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2 legs-2 wheels > What makes a good ride tale?

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message 1: by Marc (new)

Marc (dnadetective) | 13 comments Mod
Hey motorcycle readers,
Elsewhere on this site, we have shared a discussion about what it is about a road trip.
Do you like books about a road trip?
When you read a road trip book, what is it that keeps you engaged in the story?
Is it the travelogue?
...the people? other ride characters or people met along the way?
...the authors musings? ...deeper story?
...descriptions of the machinery (motorcycles, that is)? ...repairs/break-downs (dare I say "maintenance")?
As a writer, I have covered lots of other topics. I even published a Desiderata for motorcyclists. But I
never tackled a road trip tale but I am playing with one at the moment. Your ideas about a good/great road book are welcome here.


message 2: by Marc (new)

Marc (dnadetective) | 13 comments Mod
Listopia: Motorcycle fiction (list)
bad boys, bikers, street gangs, thriller or romance.As long as it has the urban feel.

My take on this list: cliche crap from authors that aren't really into motorcycles, just wishful thinkers.


message 3: by Nicole (new)

Nicole Winters When I think of great road books, I think of the road itself as a character. I want to not only imagine myself somewhere other than my living room, but I want to feel the surface beneath my feet (smooth or rough?), smell the air (cornfields or oil refineries?), feel the sun (or rain), or hear the gravel crunch underfoot. I guess I like travel books about the people our hero meets along the way. I'm not one for wanting a mystery or thriller thrown in the mix.


message 4: by Marc (new)

Marc (dnadetective) | 13 comments Mod
I share these expectations from a road book that I will find interesting. Characters found in the environment and people. I tend to reflect on what I observe in these characters, and consider them in the context of my own character (compare, contrast, evaluate). I guess this is the introspection that comes typically to a motorcycle roadie.
What you mean by "mystery or thriller" is less clear to me though. Fiction mystery etc.? or ZMM non-fiction mystery? I confess, I am not a large consumer of fiction. So I tend to think in terms of a writer like Pirsig, exploring reality in its complexity, which is frequently mysterious.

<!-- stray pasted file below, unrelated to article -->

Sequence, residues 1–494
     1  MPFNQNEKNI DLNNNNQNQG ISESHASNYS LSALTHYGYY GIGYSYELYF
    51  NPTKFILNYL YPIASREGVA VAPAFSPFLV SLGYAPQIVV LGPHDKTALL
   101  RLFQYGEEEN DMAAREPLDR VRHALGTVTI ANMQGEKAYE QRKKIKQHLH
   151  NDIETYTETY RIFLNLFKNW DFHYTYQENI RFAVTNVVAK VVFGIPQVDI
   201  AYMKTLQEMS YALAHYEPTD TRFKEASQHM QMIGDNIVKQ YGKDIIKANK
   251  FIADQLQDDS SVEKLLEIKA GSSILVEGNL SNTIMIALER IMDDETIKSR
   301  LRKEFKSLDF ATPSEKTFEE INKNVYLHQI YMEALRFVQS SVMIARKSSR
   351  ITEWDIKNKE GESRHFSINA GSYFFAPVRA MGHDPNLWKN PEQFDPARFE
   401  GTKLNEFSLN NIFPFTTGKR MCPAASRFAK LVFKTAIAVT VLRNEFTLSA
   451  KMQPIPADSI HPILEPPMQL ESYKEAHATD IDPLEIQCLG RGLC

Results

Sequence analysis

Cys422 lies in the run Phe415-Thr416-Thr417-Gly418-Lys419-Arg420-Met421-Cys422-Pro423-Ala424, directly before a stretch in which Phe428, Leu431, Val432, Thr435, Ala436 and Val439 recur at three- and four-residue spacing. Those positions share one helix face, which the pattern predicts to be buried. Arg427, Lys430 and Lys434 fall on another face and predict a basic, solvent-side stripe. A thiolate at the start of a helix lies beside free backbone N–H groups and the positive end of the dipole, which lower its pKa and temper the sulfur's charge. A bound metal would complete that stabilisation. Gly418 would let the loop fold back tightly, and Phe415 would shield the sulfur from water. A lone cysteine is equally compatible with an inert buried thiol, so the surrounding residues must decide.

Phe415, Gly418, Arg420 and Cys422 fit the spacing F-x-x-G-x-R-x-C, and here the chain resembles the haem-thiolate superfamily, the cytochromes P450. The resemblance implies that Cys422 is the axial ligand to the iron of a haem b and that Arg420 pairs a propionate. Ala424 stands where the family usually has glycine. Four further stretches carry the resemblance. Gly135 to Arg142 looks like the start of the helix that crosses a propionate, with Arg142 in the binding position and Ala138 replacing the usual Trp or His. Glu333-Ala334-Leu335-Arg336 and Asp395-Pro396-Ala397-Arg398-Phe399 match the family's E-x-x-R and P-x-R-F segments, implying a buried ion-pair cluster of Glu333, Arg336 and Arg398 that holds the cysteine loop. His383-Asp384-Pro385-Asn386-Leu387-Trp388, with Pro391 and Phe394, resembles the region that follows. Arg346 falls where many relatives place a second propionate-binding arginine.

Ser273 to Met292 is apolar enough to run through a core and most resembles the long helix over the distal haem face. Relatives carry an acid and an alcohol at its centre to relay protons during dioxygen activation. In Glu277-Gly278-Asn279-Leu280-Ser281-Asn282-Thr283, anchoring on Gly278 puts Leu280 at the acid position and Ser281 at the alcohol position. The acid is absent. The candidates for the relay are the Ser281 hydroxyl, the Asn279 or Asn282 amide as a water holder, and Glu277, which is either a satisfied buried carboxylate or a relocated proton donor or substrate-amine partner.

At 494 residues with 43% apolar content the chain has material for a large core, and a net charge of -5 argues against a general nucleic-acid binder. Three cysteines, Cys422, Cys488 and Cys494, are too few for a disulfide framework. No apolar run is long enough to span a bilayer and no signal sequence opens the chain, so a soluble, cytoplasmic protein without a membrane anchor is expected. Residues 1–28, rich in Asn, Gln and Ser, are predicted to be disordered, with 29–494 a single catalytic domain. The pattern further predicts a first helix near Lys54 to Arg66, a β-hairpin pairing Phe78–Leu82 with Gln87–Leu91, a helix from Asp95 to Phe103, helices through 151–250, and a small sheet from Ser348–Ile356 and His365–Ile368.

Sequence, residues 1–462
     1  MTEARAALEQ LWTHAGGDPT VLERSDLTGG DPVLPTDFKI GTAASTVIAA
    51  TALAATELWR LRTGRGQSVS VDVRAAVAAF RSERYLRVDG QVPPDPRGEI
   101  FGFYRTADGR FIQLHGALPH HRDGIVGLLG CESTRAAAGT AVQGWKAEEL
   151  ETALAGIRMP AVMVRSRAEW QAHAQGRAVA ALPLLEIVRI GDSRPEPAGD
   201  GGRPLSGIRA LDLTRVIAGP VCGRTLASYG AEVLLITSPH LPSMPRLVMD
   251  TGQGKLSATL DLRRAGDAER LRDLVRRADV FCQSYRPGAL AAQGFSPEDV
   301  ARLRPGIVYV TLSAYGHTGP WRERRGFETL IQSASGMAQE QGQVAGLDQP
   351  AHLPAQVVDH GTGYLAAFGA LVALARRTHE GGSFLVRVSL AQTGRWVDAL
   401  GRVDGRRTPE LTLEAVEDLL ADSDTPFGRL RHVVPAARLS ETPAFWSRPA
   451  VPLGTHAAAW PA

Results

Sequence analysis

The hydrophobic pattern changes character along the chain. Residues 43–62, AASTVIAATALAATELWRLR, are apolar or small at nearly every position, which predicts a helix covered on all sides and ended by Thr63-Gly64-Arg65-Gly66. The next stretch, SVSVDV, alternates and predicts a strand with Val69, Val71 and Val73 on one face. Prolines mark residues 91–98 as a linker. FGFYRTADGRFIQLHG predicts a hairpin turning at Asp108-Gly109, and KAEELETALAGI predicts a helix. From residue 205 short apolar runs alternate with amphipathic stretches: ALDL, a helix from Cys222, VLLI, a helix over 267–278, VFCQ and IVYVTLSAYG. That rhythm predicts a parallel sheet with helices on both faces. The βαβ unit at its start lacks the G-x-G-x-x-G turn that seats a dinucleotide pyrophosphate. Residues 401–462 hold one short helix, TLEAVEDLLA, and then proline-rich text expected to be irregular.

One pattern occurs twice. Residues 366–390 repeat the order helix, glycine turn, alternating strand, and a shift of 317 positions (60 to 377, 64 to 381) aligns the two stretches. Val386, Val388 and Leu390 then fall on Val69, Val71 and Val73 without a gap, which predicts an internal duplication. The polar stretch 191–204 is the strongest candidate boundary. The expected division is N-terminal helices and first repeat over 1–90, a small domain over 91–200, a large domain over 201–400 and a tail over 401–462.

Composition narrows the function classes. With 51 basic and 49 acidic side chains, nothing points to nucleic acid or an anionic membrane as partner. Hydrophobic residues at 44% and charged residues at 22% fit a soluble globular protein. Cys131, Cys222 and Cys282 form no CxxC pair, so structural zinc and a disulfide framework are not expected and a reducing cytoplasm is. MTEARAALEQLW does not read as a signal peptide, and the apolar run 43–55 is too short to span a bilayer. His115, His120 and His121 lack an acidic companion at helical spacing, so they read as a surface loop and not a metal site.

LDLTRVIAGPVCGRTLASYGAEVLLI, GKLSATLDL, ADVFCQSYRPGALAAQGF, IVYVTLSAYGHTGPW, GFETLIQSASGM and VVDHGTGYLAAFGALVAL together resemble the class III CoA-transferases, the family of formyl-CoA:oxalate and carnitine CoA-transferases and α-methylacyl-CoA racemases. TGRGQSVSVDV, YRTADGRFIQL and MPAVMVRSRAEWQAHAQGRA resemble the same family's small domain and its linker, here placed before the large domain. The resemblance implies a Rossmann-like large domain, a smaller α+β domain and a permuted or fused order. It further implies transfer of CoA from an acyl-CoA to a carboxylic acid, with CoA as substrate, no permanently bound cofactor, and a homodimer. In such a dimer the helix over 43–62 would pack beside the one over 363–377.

message 5: by Nicole (new)

Nicole Winters I guess what I mean is a fiction story that combines a road trip with say, a murder mystery or a thriller subplot.


message 6: by Marc (new)

Marc (dnadetective) | 13 comments Mod
Yup, I thought so. Thanks for your suggestions.
Do you have any room in your reading for non-fiction? Lots don't and I get that. But for me I have less room for fiction, especially motorcycle fiction (see my comment on the Listopia above). I guess I am inspired by what people really do rather than what an author thinks people might do. I understand that even non-fiction/autobiography is often fiction in some fashion. But this becomes part of the fun of an intellectual exercise to suss out the fraud.

To satisfy a reader like you, I am trying to think of what I might use as a plot to keep you interested. The road, the people for sure. What plot or sub-plot type could wrap it all up and catch your interest?


message 7: by Nicole (new)

Nicole Winters Sure, pass along the nonfiction. I've read some, mainly motorcycle racing related, but I've also got some nonfiction running stories on my to want to read list too.


message 8: by Marc (new)

Marc (dnadetective) | 13 comments Mod
Giovanna on Cross Country: Fifteen Years ...

"I think almost any book is improved with a map. But a book called 'Cross Country', about driving across the US, really has no excuse not having a map."

I agree 100%


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